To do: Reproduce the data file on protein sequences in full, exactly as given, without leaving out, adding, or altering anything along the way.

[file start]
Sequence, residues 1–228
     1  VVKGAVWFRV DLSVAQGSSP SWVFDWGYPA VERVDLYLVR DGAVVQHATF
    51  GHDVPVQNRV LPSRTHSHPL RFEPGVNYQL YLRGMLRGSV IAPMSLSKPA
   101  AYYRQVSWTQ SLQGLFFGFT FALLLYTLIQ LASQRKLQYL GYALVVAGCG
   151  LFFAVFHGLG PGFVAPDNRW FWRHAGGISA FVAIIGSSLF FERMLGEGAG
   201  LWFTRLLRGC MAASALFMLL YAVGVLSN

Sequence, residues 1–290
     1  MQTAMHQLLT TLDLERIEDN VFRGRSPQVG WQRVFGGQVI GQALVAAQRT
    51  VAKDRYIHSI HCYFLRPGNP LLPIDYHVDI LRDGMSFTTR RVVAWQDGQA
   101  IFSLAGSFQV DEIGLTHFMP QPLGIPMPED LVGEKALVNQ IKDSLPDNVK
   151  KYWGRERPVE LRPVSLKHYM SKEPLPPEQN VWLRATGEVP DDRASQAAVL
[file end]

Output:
Sequence, residues 1–228
     1  VVKGAVWFRV DLSVAQGSSP SWVFDWGYPA VERVDLYLVR DGAVVQHATF
    51  GHDVPVQNRV LPSRTHSHPL RFEPGVNYQL YLRGMLRGSV IAPMSLSKPA
   101  AYYRQVSWTQ SLQGLFFGFT FALLLYTLIQ LASQRKLQYL GYALVVAGCG
   151  LFFAVFHGLG PGFVAPDNRW FWRHAGGISA FVAIIGSSLF FERMLGEGAG
   201  LWFTRLLRGC MAASALFMLL YAVGVLSN

Sequence, residues 1–290
     1  MQTAMHQLLT TLDLERIEDN VFRGRSPQVG WQRVFGGQVI GQALVAAQRT
    51  VAKDRYIHSI HCYFLRPGNP LLPIDYHVDI LRDGMSFTTR RVVAWQDGQA
   101  IFSLAGSFQV DEIGLTHFMP QPLGIPMPED LVGEKALVNQ IKDSLPDNVK
   151  KYWGRERPVE LRPVSLKHYM SKEPLPPEQN VWLRATGEVP DDRASQAAVL